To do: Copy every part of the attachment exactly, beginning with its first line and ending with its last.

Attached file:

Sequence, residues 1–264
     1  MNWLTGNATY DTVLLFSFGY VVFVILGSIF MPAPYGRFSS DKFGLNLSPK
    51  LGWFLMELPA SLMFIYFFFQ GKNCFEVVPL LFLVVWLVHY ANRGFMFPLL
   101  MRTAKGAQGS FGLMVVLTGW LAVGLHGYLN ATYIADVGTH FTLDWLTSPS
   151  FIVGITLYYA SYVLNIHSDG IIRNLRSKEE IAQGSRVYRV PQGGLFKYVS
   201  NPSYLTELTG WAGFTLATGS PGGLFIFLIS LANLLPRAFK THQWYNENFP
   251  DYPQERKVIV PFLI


Sequence, residues 1–264
     1  MNWLTGNATY DTVLLFSFGY VVFVILGSIF MPAPYGRFSS DKFGLNLSPK
    51  LGWFLMELPA SLMFIYFFFQ GKNCFEVVPL LFLVVWLVHY ANRGFMFPLL
   101  MRTAKGAQGS FGLMVVLTGW LAVGLHGYLN ATYIADVGTH FTLDWLTSPS
   151  FIVGITLYYA SYVLNIHSDG IIRNLRSKEE IAQGSRVYRV PQGGLFKYVS
   201  NPSYLTELTG WAGFTLATGS PGGLFIFLIS LANLLPRAFK THQWYNENFP
   251  DYPQERKVIV PFLI